SharePoint 2013 and Windows Azure (part 1) - Understanding SharePoint Cloud-Hosted Apps and Windows Azure

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SharePoint and Windows Azure are two sizeable platforms unto themselves. SharePoint is one of Microsoft’s leading server productivity platforms — the collaborative platform for the enterprise and the Web. Windows Azure is Microsoft’s operating system in the cloud. Separately, they have their own strengths, market viability, and developer following. Together, they provide many powerful benefits. For example:

  • They help expand how and where you deploy your code and data.
  • They increase opportunities to take advantage of the Windows Azure “metered usage” model while at the same time reducing the storage and failover costs of on-premises applications.
  • They provide you with new business models and offerings that you can take to your customers to increase your own solution offerings.

SharePoint and Windows Azure have evolved quite a bit since mid-2010 (when Microsoft introduced the topic) into a mature set of integrated technologies. Figure 1 illustrates the fact that each of the three categories of Windows Azure can in some way, shape, or form be integrated with SharePoint. For example, within the IAAS category, you can stand up servers in Windows Azure with fully functional SharePoint farms (whether they are stand-alone servers or connected servers that include Web front ends, index servers, SQL Servers, and so on). You can see here it’s possible to support SharePoint for Internet Sites (FIS) sites, or Business Intelligence (BI) servers that run SQL Reporting apps. You can also create development and test or training environments on Windows Azure Virtual Machine (or IAAS). Within PAAS, you use the core services within Windows Azure to build applications, so much of what you would do here to integrate with SharePoint apps or sites would be hosting WCF or REST services in the cloud, integrating with workflow, building media-rich applications, hosting data, and so on. Finally, the SAAS model extends on the subscription-based Office 365 core functionality to integrate with Windows Azure and build complete cloud-based solutions (for example, a training solution that uses Media Services to stream videos to your SharePoint site) or line-of-business (LOB) applications such as Dynamics CRM integration or data-synchronized apps that reflect on-premises LOB applications.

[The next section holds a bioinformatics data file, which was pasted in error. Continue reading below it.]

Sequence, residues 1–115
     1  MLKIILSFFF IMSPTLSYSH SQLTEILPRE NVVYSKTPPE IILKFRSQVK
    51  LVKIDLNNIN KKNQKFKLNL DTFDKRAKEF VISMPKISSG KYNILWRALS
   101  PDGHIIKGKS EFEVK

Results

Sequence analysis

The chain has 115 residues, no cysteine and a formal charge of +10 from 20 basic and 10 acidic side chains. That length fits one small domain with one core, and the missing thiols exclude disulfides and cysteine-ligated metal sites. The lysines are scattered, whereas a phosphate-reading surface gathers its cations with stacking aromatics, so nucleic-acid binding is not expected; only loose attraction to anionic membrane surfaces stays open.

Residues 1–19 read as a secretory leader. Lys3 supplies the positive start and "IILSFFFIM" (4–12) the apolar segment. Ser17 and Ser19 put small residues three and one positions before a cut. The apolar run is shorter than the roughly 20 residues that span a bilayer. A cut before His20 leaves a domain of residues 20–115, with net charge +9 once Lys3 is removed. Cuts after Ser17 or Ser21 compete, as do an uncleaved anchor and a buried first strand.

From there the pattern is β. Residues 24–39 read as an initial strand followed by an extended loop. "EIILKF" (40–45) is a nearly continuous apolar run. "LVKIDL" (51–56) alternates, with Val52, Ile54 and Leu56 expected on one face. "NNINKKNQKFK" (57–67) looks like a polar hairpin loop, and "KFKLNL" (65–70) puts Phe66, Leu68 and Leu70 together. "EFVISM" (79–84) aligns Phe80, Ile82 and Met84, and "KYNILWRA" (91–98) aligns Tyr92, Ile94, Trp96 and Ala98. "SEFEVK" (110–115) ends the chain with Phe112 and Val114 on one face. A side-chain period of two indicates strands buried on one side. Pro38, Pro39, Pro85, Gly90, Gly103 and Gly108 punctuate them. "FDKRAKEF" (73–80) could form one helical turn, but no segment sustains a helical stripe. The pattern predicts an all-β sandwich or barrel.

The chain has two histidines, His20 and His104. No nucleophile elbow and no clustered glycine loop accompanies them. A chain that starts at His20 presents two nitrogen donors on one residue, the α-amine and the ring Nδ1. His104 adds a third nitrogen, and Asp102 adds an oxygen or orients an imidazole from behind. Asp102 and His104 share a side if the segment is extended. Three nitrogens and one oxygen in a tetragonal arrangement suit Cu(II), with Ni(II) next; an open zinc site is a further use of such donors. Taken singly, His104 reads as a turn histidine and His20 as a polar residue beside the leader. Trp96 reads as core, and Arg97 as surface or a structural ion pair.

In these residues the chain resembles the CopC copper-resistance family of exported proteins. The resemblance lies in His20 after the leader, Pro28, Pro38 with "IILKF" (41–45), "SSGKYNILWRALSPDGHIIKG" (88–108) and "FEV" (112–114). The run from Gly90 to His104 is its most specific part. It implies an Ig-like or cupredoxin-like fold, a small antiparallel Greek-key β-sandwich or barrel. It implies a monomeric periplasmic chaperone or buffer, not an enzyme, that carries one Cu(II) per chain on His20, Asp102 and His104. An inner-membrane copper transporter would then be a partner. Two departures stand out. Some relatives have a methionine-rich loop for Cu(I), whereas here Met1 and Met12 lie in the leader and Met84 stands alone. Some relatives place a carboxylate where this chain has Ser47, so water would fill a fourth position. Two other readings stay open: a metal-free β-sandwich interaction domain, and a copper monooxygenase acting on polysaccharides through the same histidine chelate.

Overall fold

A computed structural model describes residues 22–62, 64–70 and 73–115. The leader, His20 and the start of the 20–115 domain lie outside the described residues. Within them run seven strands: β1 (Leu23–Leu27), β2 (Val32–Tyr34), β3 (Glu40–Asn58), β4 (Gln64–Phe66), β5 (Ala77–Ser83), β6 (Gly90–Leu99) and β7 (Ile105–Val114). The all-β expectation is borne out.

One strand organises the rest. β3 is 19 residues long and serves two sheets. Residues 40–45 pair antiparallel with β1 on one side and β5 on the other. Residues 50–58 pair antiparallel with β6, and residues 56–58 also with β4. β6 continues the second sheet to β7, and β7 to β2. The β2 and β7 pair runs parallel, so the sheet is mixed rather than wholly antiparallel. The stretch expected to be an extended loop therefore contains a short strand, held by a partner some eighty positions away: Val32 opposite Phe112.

Windows Azure is not just about the integration of cloud apps with SharePoint though; it’s also about extending your apps in other directions and to other endpoints. For example, you can also build services that not only integrate Windows Azure SQL Database data with SharePoint but also wrap cloud-based services that project to devices, phones, and Windows 8 tablets. With the integration of SharePoint and Windows Azure, cloud-based applications are entirely possible.

1. Understanding SharePoint Cloud-Hosted Apps and Windows Azure

In SharePoint 2010, Windows Azure and SharePoint were two distinct platforms and technologies; you could integrate them easily enough, but they were not part of the same “system.” However, in SharePoint 2013 this has changed.You can build two types of Windows Azure integrated applications. The first type of application is Autohosted, and the second is Provider-hosted (sometimes referred to as self-hosted). The major difference between the two is that Autohosted applications natively support a set of Windows Azure features (for example Web Sites and SQL Database) with the SharePoint development and deployment experience, and Provider-hosted applications are meant to integrate with a broader set of web technologies and standards than Autohosted applications, one of which is Windows Azure. Thus, you can take advantage of the entire Windows Azure stack when building Provider-hosted apps that use Windows Azure.

To show just how closely integrated Windows Azure and SharePoint have become, for the Autohosted app model, Office 365 has its own flavor of a Windows Azure site that it uses behind the scenes. You can use it to effectively leverage the core Windows Azure features. Not only is this important from the feature-sharing aspect between the two platforms, but it’s also important from a security perspective — HTTPS is supported across these two connected domains.